It took more than three hours entering in almost 4Kb worth of 2-digit HEX
instructions into my teletype, and a good 20 minutes or so to punch a tape,
but I was successfully able to save TSC BASIC on my SWPTc 6800 to
papertape. And the freakin thing actually worked the first time. The
documentation for TSC BASIC told me how to modify the program for my
system, etc. Saving me a lot of debugging time.
There is a write up about TSC BASIC in the January 1978 Kilobaud (comparing
4 6800 CPU BASICs), and fortunately I found a copy of the papertape program
I downloaded the papertape program as a text file and then parsed the data
in MS Excel. This way I could separate the data from the checksum at the
end of each line of papertape, and to see the address value.
There is a point when entering in that much data that you kind of become
one with the machine. I was entering instructions in synch with the
teletype output of the memory values, etc. Kind of crazy I guess. Kind of
I will be brining this to VCF East as part of my exhibit.
A Tale of Four BASICs - Which one for your 6800? - Good article comparing TSC BASIC with three others.
Here is how to load TSC BASIC onto your SWTPc 6800 from your laptop/desktop without disk drive, cassette or teletype, and for some reason you're having trouble sending a papertape image the normal way (papertape image link below). With this method you can slow down down enough to watch the download and use the log capture function of the termainal program to locate a RAM location.
1. You need a working SWTPC 6800 computer with 8K RAM set to 0000 - 3FFF, and a MP-S serial card set for RS232 communications.
2. You need a copy of TeraTerm or similar terminal program installed on your laptop. Also download the specially-prepared TSC BASIC to your laptop. This version is made for a system with MIKBUG or SWTBUG monitor running and an MP-S serial card, only.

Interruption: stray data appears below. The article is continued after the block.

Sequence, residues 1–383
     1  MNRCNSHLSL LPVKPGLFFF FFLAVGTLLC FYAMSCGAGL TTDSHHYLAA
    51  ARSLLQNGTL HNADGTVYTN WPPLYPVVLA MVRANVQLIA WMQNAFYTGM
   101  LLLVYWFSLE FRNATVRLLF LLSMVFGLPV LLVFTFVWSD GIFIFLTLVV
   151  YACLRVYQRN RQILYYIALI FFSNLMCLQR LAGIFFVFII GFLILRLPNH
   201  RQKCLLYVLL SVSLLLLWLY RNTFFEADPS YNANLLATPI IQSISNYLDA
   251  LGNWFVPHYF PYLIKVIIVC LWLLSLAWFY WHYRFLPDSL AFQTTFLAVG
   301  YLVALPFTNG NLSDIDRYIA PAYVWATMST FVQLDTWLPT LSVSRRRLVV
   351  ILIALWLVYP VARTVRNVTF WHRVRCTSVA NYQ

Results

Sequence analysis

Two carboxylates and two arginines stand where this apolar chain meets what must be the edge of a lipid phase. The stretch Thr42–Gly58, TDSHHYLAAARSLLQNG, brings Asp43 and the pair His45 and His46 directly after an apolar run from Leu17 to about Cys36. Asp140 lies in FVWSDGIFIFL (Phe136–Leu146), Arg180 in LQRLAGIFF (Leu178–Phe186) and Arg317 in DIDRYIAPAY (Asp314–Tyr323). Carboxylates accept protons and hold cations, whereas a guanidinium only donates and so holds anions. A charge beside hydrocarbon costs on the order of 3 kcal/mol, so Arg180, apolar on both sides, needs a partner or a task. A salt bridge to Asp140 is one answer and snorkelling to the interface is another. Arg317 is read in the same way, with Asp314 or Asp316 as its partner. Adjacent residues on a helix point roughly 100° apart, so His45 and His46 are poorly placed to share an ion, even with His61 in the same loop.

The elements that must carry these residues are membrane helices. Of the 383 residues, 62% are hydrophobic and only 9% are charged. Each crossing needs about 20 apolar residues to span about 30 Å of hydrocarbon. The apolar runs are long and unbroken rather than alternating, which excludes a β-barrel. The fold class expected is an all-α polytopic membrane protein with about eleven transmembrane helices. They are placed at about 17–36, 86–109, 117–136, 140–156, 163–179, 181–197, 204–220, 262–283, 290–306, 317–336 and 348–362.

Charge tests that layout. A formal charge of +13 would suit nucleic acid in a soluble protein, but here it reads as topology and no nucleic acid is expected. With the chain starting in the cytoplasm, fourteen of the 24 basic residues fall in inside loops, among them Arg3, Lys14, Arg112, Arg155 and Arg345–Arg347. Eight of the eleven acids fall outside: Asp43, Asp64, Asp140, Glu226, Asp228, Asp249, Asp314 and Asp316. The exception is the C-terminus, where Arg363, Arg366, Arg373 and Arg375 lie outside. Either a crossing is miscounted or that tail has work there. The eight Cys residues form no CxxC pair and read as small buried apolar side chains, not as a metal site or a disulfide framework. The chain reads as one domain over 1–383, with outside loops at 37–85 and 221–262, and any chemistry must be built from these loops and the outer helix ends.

3. The SWTPC 6800 with MIKBUG or SWTBUG should be able to communicate with your laptop using the terminal program. From the prompt you should be able to check and edit memory (M 0000), etc. without problems.
4. Set your terminal program to use N/8/1. Baud rate is not important as long as you're able to communicate with your SWTPc. Change the character delay time setting used by your terminal serial port to at least 100 msec, so you can watch for errors while TSC BASIC is being downloaded. You can then adjust more / less of a delay until optimal for you.
5. With your terminal program displaying the MIKBUG or SWTBUG prompt, send the file TSCBASIC.txt. Leave binary UNchecked.
6. Watch as the file is downloaded. Basically what you're doing is simulating the keystrokes entered into the monitor program as if you were typing in TSC BASIC by hand incredibly fast. The character delay is necessary to allow the computer key input buffer to keep up with the simulated keystrokes.
7. When complete, the display will freeze waiting for input. Hit enter on the keyboard to return to the monitor prompt if not already there.
8. Type the command J 0100 [Enter]
The computer should respond with the " > " prompt.
(I changed the code to use a different prompt than the default ! mark).
You can now enter BASIC commands. You can use also use this method to download BASIC programs. You can save BASIC programs by turning on the log capture feature in your terminal software and then LISTing your code.
In addition to the file link above, you can also download a copy of the TSC Manual, and MP-S adapted S1 tape file here.